Our local news media has, so far, missed an opportunity to highlight an inspiring life that has benefitted Duluthians in so many ways.

Dick Loraas died on March 9. Educated as a city planner, he was much more. His specialness was defined by the diverse ways he helped make Duluth a better city. He did it while skillfully working with both public and private sectors.

As a department head at City Hall, he introduced the concept of business development working in consort with traditional city planning. This contributed greatly to successes in projects like the planning and construction of I-35, Canal Park, and the Lakewalk, each burdened with their own sea of complexity.

Loraas later extended his acumen as a business developer at the Duluth Seaway Port Authority. And, as a leader at the private Greater Downtown Council, he helped us rise above the national trend of central business district abandonment.

Widening his skills in business development, Dick moved on as a banker at Norwest Bank (now Wells Fargo). One of his many local projects was the bank’s private financing of the schooner Victory Chimes. Docked behind the Duluth Entertainment Convention Center, the Victory Chimes gave focus to the possibilities regarding our major natural advantage: our awe-inspiring lake. So began the realization of Duluth’s downtown waterfront renewal.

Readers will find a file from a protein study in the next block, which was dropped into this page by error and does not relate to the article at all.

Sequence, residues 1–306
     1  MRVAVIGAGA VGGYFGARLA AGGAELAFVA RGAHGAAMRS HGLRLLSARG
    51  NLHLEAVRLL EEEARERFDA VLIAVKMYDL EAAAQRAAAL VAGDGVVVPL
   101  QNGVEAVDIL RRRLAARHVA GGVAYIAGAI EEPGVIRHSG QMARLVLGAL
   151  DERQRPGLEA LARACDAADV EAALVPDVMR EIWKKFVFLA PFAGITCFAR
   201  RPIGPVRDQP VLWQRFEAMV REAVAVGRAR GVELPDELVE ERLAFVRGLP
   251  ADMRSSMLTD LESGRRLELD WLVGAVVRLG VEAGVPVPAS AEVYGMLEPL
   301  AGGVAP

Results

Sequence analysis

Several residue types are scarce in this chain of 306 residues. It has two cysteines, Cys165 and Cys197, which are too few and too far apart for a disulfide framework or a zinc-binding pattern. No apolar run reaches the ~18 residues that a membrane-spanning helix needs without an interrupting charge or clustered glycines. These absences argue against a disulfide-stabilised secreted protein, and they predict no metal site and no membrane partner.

After Dick retired, I believe he began his most fulfilling venture as one of the founders of the Essentia Duluth Heritage Center. The center effectively promotes guiding values for youth: hard work, integrity, teamwork, honor, sportsmanship, courage, commitment, and dedication. Working as president and CEO of the center, Dick, along with others, somehow created the highly successful youth center with an impressive 85% of the $20 million construction cost being privately funded.

The most important thing a city leader can do is to help expand a community’s civic pride and confidence. Dick Loraas did that very thing.

Jerry Kimball is a retired city planner for the city of Duluth. He led the city's Physical Planning Division for 26 years.